The Salvation Army began in 1865 when William Booth, a London minister, gave up the comfort of his pulpit and decided to take his message into the streets where it would reach the poor, the homeless, the hungry and the destitute.
His original aim was to send converts to established churches of the day, but soon realized that the poor did not feel comfortable or welcome in the pews of most of the churches and chapels of Victorian England. Regular churchgoers were appalled when these shabbily dressed, unwashed people came to join them in worship.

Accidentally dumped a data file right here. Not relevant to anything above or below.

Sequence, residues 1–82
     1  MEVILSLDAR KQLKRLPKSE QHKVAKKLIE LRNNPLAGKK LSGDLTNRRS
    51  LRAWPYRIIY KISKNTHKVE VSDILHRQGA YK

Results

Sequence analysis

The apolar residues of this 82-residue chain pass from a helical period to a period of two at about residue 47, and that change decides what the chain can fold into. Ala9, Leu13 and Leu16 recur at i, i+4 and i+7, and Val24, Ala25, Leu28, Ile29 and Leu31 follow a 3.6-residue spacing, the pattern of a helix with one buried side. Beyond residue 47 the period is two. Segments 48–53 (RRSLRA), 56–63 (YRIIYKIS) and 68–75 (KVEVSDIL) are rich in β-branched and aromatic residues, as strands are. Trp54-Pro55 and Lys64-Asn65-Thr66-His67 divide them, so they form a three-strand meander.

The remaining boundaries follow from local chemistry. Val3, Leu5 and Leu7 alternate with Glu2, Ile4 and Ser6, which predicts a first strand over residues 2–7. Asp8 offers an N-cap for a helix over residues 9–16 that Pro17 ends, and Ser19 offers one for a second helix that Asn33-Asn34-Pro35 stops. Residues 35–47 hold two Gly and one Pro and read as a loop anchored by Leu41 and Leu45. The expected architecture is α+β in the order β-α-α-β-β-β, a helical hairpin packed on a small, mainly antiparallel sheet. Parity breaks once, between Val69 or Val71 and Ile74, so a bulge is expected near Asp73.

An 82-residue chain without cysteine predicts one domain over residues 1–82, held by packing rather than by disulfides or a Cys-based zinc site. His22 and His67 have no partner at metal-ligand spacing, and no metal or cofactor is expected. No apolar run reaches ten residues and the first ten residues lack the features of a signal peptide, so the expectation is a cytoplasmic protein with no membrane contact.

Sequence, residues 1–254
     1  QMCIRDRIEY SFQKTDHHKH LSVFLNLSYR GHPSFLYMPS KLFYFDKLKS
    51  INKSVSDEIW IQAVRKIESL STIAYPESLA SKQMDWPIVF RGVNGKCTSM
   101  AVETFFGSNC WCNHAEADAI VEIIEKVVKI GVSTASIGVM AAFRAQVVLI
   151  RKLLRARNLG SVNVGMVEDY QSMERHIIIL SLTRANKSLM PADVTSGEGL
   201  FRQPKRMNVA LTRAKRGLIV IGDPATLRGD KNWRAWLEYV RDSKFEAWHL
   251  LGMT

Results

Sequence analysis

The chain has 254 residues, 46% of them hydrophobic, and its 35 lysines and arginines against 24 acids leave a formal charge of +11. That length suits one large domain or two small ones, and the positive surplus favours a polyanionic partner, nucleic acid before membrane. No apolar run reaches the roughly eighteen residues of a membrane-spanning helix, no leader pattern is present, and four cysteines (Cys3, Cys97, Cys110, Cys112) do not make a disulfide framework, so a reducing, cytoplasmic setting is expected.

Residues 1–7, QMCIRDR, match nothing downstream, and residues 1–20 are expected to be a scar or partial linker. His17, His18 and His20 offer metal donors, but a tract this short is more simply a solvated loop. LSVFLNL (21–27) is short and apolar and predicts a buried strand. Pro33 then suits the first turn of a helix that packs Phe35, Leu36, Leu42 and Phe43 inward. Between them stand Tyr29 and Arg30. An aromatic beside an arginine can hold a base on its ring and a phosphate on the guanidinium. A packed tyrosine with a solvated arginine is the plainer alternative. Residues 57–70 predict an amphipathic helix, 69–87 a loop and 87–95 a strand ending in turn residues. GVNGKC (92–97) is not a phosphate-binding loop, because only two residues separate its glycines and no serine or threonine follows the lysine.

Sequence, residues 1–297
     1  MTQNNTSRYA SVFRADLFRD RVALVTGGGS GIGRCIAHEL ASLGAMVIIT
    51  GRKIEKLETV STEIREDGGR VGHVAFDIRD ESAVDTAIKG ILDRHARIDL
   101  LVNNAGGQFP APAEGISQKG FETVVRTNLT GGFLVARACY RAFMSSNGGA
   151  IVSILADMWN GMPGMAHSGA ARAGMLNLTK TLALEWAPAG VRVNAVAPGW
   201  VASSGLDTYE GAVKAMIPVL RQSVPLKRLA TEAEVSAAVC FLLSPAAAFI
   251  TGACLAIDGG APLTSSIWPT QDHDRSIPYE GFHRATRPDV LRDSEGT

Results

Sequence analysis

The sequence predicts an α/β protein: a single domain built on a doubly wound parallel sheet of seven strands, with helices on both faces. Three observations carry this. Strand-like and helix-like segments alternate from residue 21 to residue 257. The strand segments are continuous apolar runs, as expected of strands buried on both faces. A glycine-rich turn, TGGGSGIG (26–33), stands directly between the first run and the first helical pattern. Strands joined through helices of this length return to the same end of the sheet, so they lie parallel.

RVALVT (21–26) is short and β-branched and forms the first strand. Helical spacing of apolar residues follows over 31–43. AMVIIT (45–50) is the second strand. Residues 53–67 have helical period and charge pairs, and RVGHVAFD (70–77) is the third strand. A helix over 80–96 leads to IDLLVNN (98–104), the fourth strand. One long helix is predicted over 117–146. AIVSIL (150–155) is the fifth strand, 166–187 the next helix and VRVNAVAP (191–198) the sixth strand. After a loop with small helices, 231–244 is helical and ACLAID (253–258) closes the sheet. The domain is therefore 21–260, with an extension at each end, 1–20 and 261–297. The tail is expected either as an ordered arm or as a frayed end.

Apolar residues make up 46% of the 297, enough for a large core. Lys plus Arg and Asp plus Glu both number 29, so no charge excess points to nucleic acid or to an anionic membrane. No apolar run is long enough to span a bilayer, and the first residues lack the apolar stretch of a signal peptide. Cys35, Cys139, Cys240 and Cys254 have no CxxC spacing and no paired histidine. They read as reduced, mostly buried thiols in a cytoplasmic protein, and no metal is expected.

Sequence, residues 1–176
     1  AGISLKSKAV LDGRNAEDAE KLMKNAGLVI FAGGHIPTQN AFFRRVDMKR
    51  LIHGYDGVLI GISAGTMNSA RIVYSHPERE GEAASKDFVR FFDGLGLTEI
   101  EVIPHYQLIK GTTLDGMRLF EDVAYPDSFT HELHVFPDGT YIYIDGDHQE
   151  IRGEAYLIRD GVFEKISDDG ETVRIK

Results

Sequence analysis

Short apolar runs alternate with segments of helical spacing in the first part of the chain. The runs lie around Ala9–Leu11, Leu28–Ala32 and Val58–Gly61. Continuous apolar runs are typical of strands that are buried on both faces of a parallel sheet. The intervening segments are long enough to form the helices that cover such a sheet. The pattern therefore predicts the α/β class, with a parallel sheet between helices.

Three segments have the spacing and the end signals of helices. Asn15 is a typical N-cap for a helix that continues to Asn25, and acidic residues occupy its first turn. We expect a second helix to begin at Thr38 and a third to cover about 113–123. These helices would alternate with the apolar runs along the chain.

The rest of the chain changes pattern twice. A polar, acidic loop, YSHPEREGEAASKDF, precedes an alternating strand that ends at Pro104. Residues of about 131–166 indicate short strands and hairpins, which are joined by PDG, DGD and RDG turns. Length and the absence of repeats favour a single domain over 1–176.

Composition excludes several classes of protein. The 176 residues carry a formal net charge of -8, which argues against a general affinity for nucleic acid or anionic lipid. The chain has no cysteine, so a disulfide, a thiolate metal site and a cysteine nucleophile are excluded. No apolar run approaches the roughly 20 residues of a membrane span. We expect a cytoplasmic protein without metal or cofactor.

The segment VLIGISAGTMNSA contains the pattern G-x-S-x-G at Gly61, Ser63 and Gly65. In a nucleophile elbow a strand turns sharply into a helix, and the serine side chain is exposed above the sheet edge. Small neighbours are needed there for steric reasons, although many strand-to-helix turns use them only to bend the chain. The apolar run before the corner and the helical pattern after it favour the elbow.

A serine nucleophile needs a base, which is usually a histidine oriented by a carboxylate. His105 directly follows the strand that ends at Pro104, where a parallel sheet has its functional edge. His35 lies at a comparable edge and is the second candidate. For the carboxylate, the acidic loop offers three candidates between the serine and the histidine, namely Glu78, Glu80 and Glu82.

Our Beginnings in Singapore
Brigadier Herbert Lord established The Salvation Army in Singapore in 1935. The first headquarters was an old Chinese house in Killiney Road where we received requests to commence relief work and social services for women and children. The Singapore After Care Association also sought our assistance in the rehabilitation of ex-prisoners.
In 1937, we opened a home for victimized women on Paterson Road caring for the destitute and those forced into prostitution. A school was also set up to teach English and useful skills such as tailoring. This developed into the Women's Industrial Home which later moved to a larger home at River Valley Road.
The Army's work expanded and we moved to a quaint old Chinese house in Tank Road (later renamed Clemenceau Avenue) in January 1938. After 50 years in Clemenceau Avenue, growing services necessitated a move. After a brief period in Changi, the headquarters was eventually relocated to our current location at Bishan.